- Remove from heat and set aside to cool.
- Once cool enough to touch, start removing the skin by grabbing it at one of the splits.
- Pull back to peel and remove all over.
- Do not hold over the heat too long, or the tomato will start to cook.
- Get tomatoes ready by cleaning with water and drying thoroughly.
- Remove any stems and other stuff, then slice into quarters with your knife.
- Work with one section at a time to remove the skin.
- Set one on a cutting board and hold steady with your hand.
- Press down firmly and then use your knife to slide under and slice off the skin.
- Begin at the pointy part at one end, and slide to the other end making sure to leave as much of the meat intact as possible.
If you’ve tried these techniques and had a hard time, or if you would prefer a method that requires less steps, less effort, and less skill, try a fruit and vegetable peeler designed for the task. A regular peeler with a straight blade will never do a good job, but if you get one with a specialized blade, you can quickly remove skins without any of the special steps above. Serrated peelers have little teeth along the edge of the blade, and that allows them to perform much better on slippery stuff, smooth stuff and fuzzy stuff. Not only will it make this job super easy, it will also allow you to skin kiwis, peaches and peppers just as easily.
How Does It Work
Instead of skimming over the top due to fuzz or smooth exteriors, the jagged teeth dig down gently to grip the skin, and peel it off easily. You won’t smash food by using too much pressure, and you will not get frustrated by a skin that refuses to come off. The razor sharp teeth will glide through any type of food, and they will slice just below the surface to lift off the outer layer and leave all of the good stuff behind. The high quality options that we carry ensure effortless operation thanks to superior construction and super sharp blades.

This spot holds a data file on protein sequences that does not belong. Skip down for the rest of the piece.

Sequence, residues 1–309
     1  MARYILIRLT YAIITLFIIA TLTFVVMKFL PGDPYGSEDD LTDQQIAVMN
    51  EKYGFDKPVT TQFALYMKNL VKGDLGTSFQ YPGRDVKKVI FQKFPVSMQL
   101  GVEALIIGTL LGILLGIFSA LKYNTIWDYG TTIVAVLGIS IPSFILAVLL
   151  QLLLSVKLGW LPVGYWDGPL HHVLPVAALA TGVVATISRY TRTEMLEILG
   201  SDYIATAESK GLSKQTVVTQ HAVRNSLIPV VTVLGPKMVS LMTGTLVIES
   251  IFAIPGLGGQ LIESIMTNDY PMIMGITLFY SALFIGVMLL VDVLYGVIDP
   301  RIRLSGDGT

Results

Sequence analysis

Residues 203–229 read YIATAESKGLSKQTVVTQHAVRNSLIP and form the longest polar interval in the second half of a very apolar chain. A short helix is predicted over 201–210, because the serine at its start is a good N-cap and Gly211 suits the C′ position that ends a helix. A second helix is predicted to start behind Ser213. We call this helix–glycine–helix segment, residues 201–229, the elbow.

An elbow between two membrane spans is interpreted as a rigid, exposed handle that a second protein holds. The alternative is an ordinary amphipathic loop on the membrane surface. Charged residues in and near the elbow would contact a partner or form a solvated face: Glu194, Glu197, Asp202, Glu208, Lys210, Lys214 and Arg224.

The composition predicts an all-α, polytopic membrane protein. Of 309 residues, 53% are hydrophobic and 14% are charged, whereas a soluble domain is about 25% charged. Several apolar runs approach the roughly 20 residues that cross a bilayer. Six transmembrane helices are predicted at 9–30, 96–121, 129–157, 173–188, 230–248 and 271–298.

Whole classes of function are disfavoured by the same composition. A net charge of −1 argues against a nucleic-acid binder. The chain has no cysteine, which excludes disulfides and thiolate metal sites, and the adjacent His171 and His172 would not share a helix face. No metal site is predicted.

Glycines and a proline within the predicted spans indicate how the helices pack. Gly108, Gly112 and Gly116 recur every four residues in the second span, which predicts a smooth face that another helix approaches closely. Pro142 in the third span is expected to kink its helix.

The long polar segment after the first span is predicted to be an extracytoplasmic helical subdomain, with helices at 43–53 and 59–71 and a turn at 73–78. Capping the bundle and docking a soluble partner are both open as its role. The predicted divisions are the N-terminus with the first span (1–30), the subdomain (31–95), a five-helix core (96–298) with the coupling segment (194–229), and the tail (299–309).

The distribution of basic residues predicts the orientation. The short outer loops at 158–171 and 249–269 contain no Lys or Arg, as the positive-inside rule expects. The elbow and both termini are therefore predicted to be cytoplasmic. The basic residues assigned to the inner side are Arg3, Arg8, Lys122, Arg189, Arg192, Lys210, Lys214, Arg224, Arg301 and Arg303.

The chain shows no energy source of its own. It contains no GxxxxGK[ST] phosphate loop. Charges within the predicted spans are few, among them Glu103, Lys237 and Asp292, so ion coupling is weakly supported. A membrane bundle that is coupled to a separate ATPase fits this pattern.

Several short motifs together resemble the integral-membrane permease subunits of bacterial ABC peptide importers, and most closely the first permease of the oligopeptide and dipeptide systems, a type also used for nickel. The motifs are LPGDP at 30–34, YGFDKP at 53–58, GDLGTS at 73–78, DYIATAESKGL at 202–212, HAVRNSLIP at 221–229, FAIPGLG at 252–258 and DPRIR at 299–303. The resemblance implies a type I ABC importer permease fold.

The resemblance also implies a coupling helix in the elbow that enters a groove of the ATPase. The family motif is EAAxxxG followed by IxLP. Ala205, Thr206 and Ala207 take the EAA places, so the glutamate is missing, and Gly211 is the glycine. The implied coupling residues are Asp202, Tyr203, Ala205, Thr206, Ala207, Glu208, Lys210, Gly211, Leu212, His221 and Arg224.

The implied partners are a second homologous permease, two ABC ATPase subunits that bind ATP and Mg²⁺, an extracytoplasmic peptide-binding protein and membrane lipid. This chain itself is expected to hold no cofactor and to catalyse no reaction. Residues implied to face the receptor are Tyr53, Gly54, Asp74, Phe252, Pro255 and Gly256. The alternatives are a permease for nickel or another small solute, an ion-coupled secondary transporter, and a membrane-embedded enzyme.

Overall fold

How To Use One
- Prep tomatoes by washing and drying. Remove any stems.
- Hold the peeler in your dominant hand, and hold the food in your other hand.
- Peel from top to bottom, and work your way all the way around, or work from back to front, and rotate to get all sides.
- Touch the blade to the skin, and apply slight pressure to break the skin.
- Pull back to slice off thin peels and remove all skin.
We have several styles and brands to choose from, so choose the one that fits your preferences. The important part is the blade style, but handle style and materials will vary, so select the one that works best for you. When you have the proper tool on hand, impossible stuff like peeling a tomato is all of a sudden possible. Keep your stove off, leave the pots in the cupboard, and avoid pretending like you have the skill necessary to use a knife. Our serrated peelers are incredibly affordable, and you can use them for almost anything you peel. They will work on shiny or fuzzy stuff that others can’t handle, but regular stuff like apples and potatoes can also be worked with. Use the links below to read more about the benefits and specific traits of each model.